Commoditization, wastefulness dim strategic value.
Back in May, the Harvard Business Review published "IT Doesnt Matter," an article by Nicholas Carr. The headline has goaded many people to choose sides and was so provocative that the HBR ran a second piece with letters to the editor from industry luminaries.
But things are not as clear-cut as they seem. Certainly, IT no longer seems to matter as much as it appeared to a few years ago. Ill bet that plenty of the articles critics have not read it. Industry partisans who have read it but cant accept much of it as true are either awash in denial or so obsessed with self-preservation that theyre blinded to facts.
Theyre not willing to admit that Carr makes several accurate observations. The first is that corporations have invested too much in underutilized PCs. The second is that standardization has leveled the playing field and created commonality among different platforms. This has caused prices to drop so that technology is affordable to all. The third is that the window of opportunity in achieving a competitive advantage with technology is temporary and closes rapidly. The fourth is that corporations are overspending on IT in general and that too much of their budgets is tied up in IT projects.
Carrs recommendation is simple: Instead of investing in leading-edge IT, slow down, step back, rein in spending and "follow, dont lead" in IT. Some companies already do this, and Carr is only stating that many more organizations should have done this six years ago. Theres no reason that companies should be spending half their capital expenditures on IT, as Carr asserts.
Future historians will note the irony that in the late 1990s, corporate IT spending nearly killed the companies that thought they were gaining competitive advantages. Its like accidentally committing suicide by overdosing on vitamins.
Those historians will ask why corporations spent so much money implementing technology they should have known would be outdated before the projects were finished. Theyll ponder why those corporations paid people triple the rate of civil and mechanical engineers simply to administer networks and then forgot to invest in better security measures. Theyll ask why companies spent billions trying to re-engineer businesses to move them off the mainframe and move processing power to the desktop, and then spent billions more trying to get back to the place they started from.
In the follow-up article last month, Carr dismisses such luminaries as John Seely Brown, former chief scientist of Xerox, and goes on to state that "as long as ITs core functionsdata processing, storage and transmissionhave become cheaper, and more standardized, and more easily replicable, their basis for competitive advantage has steadily eroded." Therefore, since we have standardization on key advantages of IT, the relevance of IT is diminished.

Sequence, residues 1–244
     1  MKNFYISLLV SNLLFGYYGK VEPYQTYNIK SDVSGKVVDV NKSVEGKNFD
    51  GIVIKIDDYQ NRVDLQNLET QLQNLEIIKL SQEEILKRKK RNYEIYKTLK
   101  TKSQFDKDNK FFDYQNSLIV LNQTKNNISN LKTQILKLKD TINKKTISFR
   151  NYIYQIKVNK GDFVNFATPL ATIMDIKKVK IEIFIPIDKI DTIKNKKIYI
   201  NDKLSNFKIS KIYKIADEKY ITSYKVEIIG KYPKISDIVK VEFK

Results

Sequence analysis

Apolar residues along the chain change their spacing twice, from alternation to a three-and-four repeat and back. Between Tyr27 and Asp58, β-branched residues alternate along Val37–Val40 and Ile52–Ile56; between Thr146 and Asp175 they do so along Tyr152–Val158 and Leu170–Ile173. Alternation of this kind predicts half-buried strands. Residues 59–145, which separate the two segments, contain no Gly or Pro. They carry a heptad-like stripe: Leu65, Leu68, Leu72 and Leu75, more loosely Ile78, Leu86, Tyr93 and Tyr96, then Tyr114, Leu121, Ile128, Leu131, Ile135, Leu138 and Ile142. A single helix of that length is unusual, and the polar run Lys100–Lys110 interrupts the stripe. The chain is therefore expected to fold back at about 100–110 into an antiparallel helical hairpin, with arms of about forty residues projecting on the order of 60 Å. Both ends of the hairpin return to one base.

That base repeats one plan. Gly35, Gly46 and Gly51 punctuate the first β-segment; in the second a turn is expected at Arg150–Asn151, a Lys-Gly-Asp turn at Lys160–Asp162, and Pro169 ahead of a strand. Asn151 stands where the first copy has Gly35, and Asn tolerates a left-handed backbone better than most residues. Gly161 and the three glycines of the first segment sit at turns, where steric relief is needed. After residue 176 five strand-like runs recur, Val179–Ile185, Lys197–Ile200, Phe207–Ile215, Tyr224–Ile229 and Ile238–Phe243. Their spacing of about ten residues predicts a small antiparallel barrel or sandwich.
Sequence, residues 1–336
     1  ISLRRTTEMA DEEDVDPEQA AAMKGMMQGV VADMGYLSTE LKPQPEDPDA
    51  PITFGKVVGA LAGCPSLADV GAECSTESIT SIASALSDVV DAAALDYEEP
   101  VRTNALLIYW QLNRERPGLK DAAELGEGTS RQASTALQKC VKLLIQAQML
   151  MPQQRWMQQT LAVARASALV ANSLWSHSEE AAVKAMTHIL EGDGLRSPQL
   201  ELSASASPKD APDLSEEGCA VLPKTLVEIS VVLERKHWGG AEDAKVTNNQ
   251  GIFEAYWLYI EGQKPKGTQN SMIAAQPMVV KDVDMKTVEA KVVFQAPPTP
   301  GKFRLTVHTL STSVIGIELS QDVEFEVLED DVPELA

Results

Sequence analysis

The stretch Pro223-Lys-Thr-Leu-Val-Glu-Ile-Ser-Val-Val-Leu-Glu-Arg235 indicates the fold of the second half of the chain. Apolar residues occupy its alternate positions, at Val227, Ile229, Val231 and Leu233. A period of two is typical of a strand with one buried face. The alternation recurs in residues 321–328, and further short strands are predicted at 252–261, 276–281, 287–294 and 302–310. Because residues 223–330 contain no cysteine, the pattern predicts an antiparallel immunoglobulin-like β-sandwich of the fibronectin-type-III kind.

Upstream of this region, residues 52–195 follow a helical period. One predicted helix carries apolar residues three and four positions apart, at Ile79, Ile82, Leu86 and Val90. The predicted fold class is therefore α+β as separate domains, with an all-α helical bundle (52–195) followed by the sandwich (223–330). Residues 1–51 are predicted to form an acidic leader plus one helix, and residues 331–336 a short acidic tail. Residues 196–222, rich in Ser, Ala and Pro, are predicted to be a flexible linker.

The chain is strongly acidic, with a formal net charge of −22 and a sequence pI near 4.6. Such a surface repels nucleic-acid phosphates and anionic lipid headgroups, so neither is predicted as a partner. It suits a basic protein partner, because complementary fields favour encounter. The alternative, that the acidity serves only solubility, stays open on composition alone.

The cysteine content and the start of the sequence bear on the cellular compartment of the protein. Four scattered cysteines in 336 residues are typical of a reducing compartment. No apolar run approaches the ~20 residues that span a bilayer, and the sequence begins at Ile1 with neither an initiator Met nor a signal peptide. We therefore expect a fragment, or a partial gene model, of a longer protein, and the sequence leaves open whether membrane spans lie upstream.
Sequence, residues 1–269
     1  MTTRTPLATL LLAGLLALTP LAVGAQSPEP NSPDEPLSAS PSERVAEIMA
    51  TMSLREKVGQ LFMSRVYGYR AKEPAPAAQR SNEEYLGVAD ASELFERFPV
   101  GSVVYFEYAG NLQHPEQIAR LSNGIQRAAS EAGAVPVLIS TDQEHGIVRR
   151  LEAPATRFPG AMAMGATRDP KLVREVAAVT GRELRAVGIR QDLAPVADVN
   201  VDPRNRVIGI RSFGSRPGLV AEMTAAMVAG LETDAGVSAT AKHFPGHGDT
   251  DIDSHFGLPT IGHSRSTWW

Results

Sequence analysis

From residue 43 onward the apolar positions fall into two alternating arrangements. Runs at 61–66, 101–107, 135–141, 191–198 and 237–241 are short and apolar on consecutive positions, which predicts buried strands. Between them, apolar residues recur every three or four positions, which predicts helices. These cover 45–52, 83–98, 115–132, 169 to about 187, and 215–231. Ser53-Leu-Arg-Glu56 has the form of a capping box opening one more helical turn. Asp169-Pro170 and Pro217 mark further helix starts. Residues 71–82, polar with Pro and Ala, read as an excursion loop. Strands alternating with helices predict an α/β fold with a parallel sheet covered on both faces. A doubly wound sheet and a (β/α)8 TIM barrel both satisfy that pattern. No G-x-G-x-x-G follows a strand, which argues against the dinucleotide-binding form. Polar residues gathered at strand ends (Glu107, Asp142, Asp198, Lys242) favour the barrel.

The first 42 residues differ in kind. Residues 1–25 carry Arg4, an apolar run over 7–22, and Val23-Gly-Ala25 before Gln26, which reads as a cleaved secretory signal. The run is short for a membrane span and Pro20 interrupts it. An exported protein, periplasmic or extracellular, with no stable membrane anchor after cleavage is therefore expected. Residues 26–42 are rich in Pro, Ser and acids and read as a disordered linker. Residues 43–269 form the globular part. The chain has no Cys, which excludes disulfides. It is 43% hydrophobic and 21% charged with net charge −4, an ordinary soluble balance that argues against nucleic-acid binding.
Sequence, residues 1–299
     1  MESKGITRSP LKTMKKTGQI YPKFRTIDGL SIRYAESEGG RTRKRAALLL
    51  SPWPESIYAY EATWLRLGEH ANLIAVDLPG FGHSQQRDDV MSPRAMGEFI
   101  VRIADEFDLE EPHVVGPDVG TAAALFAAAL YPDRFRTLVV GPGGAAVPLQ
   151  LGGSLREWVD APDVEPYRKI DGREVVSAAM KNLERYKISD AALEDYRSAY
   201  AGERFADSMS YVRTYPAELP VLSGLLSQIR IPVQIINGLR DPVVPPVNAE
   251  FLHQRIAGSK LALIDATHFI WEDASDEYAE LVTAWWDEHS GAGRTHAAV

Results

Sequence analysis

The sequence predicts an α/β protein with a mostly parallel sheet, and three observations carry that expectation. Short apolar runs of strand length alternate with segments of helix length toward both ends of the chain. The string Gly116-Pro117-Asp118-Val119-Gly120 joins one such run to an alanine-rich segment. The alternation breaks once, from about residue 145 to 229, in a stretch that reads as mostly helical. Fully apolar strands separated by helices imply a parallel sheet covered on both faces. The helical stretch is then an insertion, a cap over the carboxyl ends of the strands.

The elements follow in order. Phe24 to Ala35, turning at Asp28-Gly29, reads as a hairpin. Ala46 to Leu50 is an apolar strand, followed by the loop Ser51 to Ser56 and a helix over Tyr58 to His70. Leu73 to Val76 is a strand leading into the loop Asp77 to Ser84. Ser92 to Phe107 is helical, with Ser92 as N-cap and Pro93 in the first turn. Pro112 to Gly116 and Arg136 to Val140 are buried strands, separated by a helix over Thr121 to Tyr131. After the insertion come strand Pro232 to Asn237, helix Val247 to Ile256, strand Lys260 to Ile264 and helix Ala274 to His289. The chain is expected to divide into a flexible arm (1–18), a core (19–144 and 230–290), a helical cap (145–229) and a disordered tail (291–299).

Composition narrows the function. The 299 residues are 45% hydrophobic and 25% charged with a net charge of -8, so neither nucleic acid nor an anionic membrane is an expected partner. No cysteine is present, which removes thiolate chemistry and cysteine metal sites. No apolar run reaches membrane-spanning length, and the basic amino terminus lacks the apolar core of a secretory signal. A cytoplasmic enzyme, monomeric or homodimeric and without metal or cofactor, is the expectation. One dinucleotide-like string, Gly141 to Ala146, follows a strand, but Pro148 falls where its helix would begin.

The detractors fail to see that Carrs article is, ironically, good for the industry. The principle is simple: The truth may hurt, but it also sets you free. There is a common belief that technology for its own sake can be not just a competitive advantage but the only competitive advantage. This is wrong. Companies cant buy a million-dollar application and think theyll automatically steamroll their competitors.
Technology is more than a series of interconnecting applications, more than running electricity from high wires to outlets. Its not just a competitive advantage of a business; its a programmatic representation of an entire corporations relevancy to the world. Its not a thousand new PCs, not a million-dollar ERP solution, not the fastest database or the biggest server. Its the entire process. While the mundane parts of IT are becoming commoditized, the business processes are gaining in importance.
Theres much of IT that doesnt matter. But theres much that does. Companies that use IT as a competitive advantagesuch as Amazon, Wal-Mart, and the profitable or growing airlines, including Southwestarent wasting money by continually buying million-dollar applications and systems. Theyre using basic building blocks, such as FreeBSD, Linux and commodity Ethernet, and then using their business and technical acumen to gain competitive advantage.
John Taschek can be reached at firstname.lastname@example.org.
As the director of eWEEK Labs, John manages a staff that tests and analyzes a wide range of corporate technology products. He has been instrumental in expanding eWEEK Labs' analyses into actual user environments, and has continually engineered the Labs for accurate portrayal of true enterprise infrastructures. John also writes eWEEK's 'Wide Angle' column, which challenges readers interested in enterprise products and strategies to reconsider old assumptions and think about existing IT problems in new ways. Prior to his tenure at eWEEK, which started in 1994, Taschek headed up the performance testing lab at PC/Computing magazine (now called Smart Business). Taschek got his start in IT in Washington D.C., holding various technical positions at the National Alliance of Business and the Department of Housing and Urban Development. There, he and his colleagues assisted the government office with integrating the Windows desktop operating system with HUD's legacy mainframe and mid-range servers.